Let me start by saying that this is a terrible story.
Although, it’s far from the worst one I could choose to tell and just one awful piece of a larger horrific picture, the tale is not a metaphor. Nothing is symbolic. No details have been changed. It all really happened.
I was eight years old that Christmas and, in hindsight, I was a pretty amazing eight-year-old. That’s something I can say now, looking back. Back then, though, I didn’t usually believe I was for a myriad of reasons. As an example of my stellar year, in May, I won the Teachers Association of Lindenhurst Award for being the most outstanding third grader in my elenetary school. Yeah. That’s how fantastic I was. Raise the roof.
Things from my personal life during that period were interesting, to say the least. I rarely share stories from that time publicly and, even privately, they tend to go over like lead balloons. I’ve told many anecdotes from those days only to have my wide-eyed daughter reply, “Daddy, that is a terrible story.” I offer an embarrassed chuckle and move on.
As I mentioned, this is one of those terrible stories.
Christmas had always been the top holiday to me, despite the drama that would spring up around it. When you’re eight, the world could crumble, and you’d still get giddy for Santa’s sleigh. Cotton ball snow art, reindeer food, and trips to the mall all combined to make your world holly jolly once the weather chilled. Mine did.
On the morning of December 25th, I’d always spring from my bed with excitement. It didn’t matter if it was four in the morning, I’d rush to the tree and begin leafing through all the unwrapped gifts waiting for me. There was a magical feel to it all and, at that age, Santa Claus was the man. He was real and he was fabulous. He was the only person who knew I deserved rewards for my work throughout the year.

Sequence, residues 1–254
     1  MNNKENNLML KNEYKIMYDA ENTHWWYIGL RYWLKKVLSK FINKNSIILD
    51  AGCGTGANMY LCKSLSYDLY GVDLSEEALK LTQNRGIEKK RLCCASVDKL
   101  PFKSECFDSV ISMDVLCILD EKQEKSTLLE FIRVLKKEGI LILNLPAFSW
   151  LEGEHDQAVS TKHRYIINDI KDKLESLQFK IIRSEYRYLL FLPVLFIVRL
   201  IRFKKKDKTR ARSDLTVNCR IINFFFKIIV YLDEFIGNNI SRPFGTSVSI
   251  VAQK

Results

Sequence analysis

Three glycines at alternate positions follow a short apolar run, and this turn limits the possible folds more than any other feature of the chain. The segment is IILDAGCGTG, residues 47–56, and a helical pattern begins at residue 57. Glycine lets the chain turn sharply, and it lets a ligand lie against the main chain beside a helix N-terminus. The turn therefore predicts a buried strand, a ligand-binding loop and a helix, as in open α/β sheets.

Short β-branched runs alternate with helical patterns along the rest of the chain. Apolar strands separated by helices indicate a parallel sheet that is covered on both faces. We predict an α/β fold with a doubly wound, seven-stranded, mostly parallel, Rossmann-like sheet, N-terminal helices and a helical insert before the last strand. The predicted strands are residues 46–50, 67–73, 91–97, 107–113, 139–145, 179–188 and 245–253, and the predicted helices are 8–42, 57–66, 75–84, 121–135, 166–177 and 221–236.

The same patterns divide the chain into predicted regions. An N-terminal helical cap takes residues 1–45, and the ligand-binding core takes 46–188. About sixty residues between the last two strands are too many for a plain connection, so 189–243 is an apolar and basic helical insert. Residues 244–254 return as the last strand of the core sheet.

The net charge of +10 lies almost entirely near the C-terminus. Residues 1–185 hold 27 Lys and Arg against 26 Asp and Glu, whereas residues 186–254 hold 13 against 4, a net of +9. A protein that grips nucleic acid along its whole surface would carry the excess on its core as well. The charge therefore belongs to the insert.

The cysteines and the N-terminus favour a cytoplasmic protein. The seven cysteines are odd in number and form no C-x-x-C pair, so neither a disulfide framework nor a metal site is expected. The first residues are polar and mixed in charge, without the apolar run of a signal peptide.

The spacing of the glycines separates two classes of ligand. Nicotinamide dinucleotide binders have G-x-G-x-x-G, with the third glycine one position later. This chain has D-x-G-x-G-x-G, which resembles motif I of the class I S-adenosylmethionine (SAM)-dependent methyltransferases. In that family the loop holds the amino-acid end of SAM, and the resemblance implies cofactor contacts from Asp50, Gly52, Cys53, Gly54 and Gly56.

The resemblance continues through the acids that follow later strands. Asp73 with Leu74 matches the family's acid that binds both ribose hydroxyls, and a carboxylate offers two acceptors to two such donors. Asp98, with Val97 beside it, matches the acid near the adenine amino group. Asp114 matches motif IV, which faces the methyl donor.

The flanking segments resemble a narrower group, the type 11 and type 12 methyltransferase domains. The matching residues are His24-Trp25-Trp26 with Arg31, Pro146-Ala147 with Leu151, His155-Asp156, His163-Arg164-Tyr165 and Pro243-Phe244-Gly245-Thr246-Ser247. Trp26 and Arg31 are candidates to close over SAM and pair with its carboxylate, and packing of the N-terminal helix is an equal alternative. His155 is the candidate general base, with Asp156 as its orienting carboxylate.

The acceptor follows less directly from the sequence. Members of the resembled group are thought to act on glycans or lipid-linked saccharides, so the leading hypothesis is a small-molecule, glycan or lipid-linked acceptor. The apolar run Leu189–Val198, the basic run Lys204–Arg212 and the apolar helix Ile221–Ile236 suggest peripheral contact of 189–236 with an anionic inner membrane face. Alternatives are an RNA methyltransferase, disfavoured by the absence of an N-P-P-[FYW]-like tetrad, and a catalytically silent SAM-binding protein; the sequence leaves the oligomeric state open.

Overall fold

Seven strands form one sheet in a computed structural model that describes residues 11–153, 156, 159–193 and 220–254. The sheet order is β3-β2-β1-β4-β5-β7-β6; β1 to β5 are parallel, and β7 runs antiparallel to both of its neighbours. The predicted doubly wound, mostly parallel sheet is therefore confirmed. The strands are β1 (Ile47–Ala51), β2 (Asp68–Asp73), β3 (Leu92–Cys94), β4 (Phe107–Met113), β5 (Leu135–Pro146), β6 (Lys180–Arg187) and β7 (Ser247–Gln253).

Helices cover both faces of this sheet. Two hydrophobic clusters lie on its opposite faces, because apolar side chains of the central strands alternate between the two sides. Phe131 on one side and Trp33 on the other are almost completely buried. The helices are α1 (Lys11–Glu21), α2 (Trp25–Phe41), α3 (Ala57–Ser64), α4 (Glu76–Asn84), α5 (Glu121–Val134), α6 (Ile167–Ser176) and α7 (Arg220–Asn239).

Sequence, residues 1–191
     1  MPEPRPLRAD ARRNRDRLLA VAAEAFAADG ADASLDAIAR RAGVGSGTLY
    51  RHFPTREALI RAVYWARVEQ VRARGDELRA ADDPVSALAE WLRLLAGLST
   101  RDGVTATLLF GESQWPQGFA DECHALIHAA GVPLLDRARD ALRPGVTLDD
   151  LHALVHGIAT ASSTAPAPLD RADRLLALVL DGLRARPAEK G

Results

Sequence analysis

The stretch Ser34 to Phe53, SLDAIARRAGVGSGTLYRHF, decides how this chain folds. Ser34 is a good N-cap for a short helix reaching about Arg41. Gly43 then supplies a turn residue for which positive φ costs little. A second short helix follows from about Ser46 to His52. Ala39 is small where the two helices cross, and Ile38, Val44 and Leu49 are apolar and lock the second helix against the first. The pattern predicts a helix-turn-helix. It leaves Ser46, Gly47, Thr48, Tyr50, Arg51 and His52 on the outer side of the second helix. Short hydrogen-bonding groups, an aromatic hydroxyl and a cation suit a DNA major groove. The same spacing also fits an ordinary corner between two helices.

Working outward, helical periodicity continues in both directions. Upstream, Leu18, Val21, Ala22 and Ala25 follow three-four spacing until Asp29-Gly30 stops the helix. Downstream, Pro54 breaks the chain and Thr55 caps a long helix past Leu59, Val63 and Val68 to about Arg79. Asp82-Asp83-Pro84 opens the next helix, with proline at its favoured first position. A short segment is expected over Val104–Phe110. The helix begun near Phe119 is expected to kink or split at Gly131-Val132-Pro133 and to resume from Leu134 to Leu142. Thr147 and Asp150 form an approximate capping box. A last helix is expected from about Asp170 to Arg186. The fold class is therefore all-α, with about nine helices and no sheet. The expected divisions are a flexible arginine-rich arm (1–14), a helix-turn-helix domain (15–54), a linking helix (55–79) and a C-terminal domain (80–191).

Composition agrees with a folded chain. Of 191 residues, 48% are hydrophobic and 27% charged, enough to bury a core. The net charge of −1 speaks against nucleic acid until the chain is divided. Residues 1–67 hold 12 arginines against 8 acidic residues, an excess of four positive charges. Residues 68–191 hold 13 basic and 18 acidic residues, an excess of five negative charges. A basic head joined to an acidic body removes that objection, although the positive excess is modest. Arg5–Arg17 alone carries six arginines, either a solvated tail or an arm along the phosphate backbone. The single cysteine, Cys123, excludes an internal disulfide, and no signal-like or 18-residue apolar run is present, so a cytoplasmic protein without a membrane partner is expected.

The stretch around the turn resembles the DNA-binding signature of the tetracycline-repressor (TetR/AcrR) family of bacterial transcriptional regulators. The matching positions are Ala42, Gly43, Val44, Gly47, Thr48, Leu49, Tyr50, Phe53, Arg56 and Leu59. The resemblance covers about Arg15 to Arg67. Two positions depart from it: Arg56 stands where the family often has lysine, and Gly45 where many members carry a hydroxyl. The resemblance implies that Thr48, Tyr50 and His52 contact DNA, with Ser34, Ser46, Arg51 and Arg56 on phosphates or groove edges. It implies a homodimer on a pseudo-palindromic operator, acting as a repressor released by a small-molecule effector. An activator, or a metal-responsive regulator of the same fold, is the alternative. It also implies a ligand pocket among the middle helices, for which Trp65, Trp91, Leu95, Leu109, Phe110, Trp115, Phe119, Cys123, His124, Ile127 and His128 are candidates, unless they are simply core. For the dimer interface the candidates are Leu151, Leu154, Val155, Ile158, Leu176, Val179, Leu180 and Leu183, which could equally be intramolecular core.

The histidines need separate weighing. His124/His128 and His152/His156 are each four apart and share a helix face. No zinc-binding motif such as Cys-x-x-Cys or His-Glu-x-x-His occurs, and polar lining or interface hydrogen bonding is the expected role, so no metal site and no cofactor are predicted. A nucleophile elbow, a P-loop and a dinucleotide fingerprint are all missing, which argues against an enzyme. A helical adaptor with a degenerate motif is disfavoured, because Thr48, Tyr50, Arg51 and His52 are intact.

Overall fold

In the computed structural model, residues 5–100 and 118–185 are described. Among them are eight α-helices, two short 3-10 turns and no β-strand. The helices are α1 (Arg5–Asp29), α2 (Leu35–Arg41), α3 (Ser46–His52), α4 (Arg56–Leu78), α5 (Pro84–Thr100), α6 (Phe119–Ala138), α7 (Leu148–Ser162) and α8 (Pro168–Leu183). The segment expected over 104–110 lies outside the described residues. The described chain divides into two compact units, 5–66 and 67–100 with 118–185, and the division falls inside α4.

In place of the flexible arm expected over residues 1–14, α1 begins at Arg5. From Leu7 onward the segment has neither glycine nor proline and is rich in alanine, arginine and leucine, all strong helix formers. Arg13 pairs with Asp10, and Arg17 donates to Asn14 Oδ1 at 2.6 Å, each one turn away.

Looking back, I don’t remember any presents I got during that eighth year of life. That’s not to say that I didn’t receive any. I did. There are pictures of me in my fuzzy pajamas to prove it. It was the cookie cutter Christmas morning I had become used to.
Then, someone suggested I go look in my playroom. Still a year away from being transformed into a bedroom for the yet-unarrived baby, that was the area where my toys lived. He-Man figures and coloring books all shared my special place.
Opening the door, I could see something set up in the middle of the room. As anyone familiar with holidays can tell you, unexpected visions are part of the fun. Whether it’s a parked car with a bow across the street or an envelope with a note that reads “check the closet”, gifts given in imaginative ways are part of what makes the holiday so special. I assumed that was what it was.
As I approached, I could see a small dusty satchel. The cellophane bag was barely transparent from the dirty rocks inside. A small piece of blue ribbon tied it shut at the top like a maccabre summer camp craft. I can still see it, as it was then, in my mind now.
My brain didn’t adjust to what I was seeing until I read the note. Written in what-looked-like purposely shaky handwriting was: